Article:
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I have been rediscovering my love of anime. I was a big fan in the 90’s after college. I went to see Urotsukidoji and Akira at midnight showings at the Angelica in New York City. I bought my first series – Bubblegum Crisis – from a then fledgling anime distributor, Animego in North Carolina. My sister got me hooked on the ongoing love-hate hijinx of the innocent Lum and her lecherous fiancée, Ataru in Urusei Yatsura. I watched Ranma ½ on snowy videotapes dubbed in Cantonese.

My crowning achievement during this period was the discovery of Arcadia of My Youth on video, starring Captain Harlock from my own youth. My sister and I used to strain to watch adventures of Captain Harlock: Space Pirate on our tiny TV from the days of rabbit-ears. The show played on UHF. Anyone old enough to remember UHF understands my sister’s and my deep dedication to the show.

Then everything just seemed so stale.

Just like that it seemed that the anime writers were borrowing unabashedly from each other’s storylines. And the drawing… Let’s just say that it became increasingly difficult to tell one supporting character from another. Sometimes the only way to tell the male characters from the female characters was by how bouncy and robust their bosoms were.

Then Pokemon came and I wanted no part of it.

Last year or the year before, I was flipping channels and caught an episode of Samurai Champloo on Cartoon Network’s Adult Swim. It was different with its quirky sense of humor and engaging characters. I am not going to say that the underlying premise driving the story was original but will say the three main characters and the interaction between them was too rich to be ignored. They were very “human” characters to me, so they were very interesting to me. There was a level of sophistication to the characters that had been lacking from the shows that circulated in the late 90’s into 2000. Later on I learned that Samurai Champloo was created by the same person who created Cowboy Bebop (a favorite my sister introduced me to), Shinichiro Watanabe.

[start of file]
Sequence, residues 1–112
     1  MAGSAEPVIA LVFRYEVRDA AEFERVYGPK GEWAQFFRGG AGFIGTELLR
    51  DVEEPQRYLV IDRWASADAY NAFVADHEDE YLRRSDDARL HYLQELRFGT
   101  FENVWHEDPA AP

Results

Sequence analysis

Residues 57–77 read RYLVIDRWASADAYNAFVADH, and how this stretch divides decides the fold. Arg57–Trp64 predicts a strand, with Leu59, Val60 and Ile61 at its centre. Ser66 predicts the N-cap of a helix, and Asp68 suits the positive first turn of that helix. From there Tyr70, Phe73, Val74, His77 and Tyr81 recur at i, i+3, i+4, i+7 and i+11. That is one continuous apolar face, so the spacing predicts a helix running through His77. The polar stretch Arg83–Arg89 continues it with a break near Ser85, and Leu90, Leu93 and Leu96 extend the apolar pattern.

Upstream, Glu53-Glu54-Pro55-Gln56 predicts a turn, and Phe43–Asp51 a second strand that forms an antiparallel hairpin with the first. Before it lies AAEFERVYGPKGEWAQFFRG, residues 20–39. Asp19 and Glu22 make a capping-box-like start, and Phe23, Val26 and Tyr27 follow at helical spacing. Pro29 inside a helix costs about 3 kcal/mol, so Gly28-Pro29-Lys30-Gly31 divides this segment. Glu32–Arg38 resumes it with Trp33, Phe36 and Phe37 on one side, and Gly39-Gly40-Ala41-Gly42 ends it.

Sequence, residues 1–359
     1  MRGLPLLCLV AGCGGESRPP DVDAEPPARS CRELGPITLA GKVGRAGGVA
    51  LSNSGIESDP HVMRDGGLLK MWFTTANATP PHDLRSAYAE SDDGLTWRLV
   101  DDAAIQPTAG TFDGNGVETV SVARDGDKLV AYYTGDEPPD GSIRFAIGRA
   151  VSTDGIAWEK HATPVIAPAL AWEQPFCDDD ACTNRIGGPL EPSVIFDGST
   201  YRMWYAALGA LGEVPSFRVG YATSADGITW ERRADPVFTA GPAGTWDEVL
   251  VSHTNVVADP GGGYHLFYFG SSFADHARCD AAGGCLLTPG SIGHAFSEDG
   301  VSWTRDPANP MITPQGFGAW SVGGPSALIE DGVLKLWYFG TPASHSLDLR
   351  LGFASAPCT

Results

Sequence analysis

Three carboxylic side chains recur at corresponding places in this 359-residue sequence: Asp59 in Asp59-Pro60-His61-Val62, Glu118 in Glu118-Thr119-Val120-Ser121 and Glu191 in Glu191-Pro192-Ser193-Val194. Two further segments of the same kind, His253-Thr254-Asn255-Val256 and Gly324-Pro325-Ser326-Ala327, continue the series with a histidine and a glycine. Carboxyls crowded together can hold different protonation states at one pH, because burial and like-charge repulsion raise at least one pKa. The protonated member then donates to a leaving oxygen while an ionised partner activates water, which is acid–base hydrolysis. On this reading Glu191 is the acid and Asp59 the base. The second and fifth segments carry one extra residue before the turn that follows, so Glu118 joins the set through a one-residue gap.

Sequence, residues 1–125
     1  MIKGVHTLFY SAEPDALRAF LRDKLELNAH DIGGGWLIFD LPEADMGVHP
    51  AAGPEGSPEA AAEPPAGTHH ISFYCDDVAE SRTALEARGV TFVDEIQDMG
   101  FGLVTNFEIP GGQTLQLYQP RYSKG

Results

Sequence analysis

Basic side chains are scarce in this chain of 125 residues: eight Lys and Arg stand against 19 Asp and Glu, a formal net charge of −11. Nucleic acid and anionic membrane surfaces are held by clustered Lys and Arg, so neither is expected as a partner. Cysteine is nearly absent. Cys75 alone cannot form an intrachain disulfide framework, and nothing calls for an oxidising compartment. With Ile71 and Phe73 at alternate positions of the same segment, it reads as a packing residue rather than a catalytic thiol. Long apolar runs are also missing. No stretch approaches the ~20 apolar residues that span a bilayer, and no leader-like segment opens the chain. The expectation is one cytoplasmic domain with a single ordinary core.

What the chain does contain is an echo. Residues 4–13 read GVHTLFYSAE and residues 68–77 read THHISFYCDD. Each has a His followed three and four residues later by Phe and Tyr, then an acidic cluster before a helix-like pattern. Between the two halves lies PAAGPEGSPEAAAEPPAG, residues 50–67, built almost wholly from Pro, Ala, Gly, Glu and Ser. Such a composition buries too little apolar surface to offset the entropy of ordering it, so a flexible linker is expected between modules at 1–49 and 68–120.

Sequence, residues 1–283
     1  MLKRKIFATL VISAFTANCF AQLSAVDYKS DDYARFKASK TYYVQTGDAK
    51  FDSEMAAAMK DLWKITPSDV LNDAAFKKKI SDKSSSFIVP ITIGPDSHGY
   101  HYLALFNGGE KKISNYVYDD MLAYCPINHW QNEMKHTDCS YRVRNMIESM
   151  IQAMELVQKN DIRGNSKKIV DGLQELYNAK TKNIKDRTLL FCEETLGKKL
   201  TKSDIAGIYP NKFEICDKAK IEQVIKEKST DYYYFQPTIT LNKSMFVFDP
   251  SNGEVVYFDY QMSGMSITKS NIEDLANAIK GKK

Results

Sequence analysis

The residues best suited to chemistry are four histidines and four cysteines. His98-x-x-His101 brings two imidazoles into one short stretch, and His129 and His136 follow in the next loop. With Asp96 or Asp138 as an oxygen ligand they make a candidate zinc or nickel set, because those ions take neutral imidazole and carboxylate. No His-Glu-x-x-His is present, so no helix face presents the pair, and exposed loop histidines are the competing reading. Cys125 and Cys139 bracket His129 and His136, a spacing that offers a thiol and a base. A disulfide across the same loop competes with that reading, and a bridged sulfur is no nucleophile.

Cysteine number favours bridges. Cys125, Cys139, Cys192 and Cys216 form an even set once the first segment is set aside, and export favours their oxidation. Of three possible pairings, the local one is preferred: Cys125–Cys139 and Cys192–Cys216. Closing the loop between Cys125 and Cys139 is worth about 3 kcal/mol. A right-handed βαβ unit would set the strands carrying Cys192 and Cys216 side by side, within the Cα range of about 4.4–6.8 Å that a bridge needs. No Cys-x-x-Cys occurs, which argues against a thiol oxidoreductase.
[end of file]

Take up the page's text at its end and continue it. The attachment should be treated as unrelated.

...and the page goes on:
Because it was on right after, I also became a fan of Paranoia Agent. Though I can’t say that I like the way it ended, the getting there was really interesting. It reminded me of the old X Files with Mulder and Scully. There were was a subtly twisted sense of humor at play in some of the episodes that made the entire series appealing. My only wish is that its creator would have taken more care with its ending. The culmination of the series was the usual big all encompassing tidal wave of goo and destruction. It was sort of like the writer just got tired of writing and needed an “And then she died” ending.

I would have liked to have seen the series end via subtle circumstances. Where the characters concerned came to their dramatic conclusions ignored by the general populace. That seemed to be the theme of the series: daily personal dramas. Only in the story these dramas were enhanced by supernatural activity. In comparing Samurai Champloo and Paranoia Agent (I’m doing so because I watched them at the same time), the former had a better ending, while the latter had a more interesting story premise.

After both series concluded, there was nothing again, until Bleach and Trinity Blood. But, while I enjoy both, I can’t say that I feel the same anticipation I felt in the midst of a Samurai Champloo or Paranoia Agent episode.

And now there is Gunslinger Girl and Basilisk on IFC. The coolness and subtlety of Gunslinger Girl reminds me of Paranoia Agent. My sister has already warned me that it is a short series lasting only 13 episodes. I told her that it didn’t matter as long it ends well.

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